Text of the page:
As selfish as it is of me as a consumer, critic, and also a lover of music to lap up this new record and enjoy it so, I really do commend Whitechapel's leading man for putting himself out there this immensely with 'The Valley'. This is an incredibly brave thing to do, and it also could not have been easy to do. When I talk about how lame modern deathcore bands are with lyrical concepts of science-fiction, aliens, and Lovecraftian horrors, it's so refreshing to have one of the biggest names in the game come out with such a deeply personal record. An album that forgoes that BS and shines an exposed light on non-fiction matters of the self and one's own history. Better yet, the actual songs more than back up the emotional and lyrical weight of 'The Valley' too!

'When A Demon Defiles A Witch', a song dedicated to Phil's mother, does a great job of inter-weaving Phil's pitched-screams with his singing and growls, as well as the band's cleaner and delicate instrumental bridges along with their levelling death metal sounds. It's the best of both worlds. We see this with how the verses contrast against the melodic choruses, and how that calm and serene guitar intro soon explodes into this demented deathcore creature. It's a song that really shows why Phil is one of the best vocalists in extreme metal right now. Because he has that killer dynamic between monstrous growls and soulful singing. Very few vocalists wish they could have that duality, that kind of control, but then again, most bands aren't Whitechapel and most metal vocalists aren't Bozeman.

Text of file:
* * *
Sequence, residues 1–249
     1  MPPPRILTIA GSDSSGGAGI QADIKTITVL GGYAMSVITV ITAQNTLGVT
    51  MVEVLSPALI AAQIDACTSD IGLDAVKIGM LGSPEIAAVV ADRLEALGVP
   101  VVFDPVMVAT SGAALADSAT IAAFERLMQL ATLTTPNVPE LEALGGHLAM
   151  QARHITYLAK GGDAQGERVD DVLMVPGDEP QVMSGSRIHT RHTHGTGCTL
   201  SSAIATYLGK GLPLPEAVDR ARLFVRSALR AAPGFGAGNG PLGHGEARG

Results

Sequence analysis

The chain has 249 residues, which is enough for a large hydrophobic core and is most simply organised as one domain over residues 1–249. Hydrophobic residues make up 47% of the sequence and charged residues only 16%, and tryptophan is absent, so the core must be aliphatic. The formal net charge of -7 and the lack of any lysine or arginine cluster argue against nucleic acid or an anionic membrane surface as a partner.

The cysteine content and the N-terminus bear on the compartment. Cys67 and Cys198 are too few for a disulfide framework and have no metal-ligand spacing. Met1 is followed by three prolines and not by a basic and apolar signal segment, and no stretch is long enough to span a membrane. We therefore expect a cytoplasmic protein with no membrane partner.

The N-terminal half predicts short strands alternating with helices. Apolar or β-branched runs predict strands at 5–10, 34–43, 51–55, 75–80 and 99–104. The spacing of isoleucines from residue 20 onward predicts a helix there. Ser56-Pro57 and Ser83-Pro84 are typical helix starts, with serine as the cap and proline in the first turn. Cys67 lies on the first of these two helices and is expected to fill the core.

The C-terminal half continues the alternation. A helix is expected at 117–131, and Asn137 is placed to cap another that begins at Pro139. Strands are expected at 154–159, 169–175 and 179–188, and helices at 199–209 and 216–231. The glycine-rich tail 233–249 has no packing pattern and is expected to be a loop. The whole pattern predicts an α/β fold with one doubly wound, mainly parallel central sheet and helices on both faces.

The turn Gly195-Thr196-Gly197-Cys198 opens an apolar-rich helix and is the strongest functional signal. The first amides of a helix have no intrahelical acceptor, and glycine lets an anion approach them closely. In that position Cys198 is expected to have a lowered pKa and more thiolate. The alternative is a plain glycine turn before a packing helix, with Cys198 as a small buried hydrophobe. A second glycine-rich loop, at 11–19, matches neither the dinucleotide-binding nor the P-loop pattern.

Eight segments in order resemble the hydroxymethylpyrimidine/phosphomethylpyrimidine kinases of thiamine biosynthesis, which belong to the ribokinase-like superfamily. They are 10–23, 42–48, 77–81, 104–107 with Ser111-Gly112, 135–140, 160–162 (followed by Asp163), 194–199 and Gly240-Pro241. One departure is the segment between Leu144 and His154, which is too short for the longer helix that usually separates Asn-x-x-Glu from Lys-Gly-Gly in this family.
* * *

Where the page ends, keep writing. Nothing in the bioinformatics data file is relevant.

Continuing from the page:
Second track and easy stand-out, the barely three-minute rager of 'Weakness Is Forgiveness', is this wicked melding of deathcore Whitechapel and death metal Whitechapel. It's informed by their earlier records but also what they've been doing on their last couple of albums too. That, and the song is just fuckin' brutal; flying past in a blur of blast beats, massive grooves, and booming riffs that could crack the very earth itself. There sure as shit aren't any signs of weakness here; expect relentless violence with this confrontational cut. Elsewhere, 'Brimstone' is a hulking Goliath, bashing at you with mid-tempo metal meatiness with beastly down-tuned chugs and pounding double kicks, slamming you hard until you raise that white flag. Over said instrumentals, Phil tells us of the menace upon his family, sharing the ill-fate's that he wishes upon this person; pulling you into the deepest recesses of his mind about an intensely personal matter.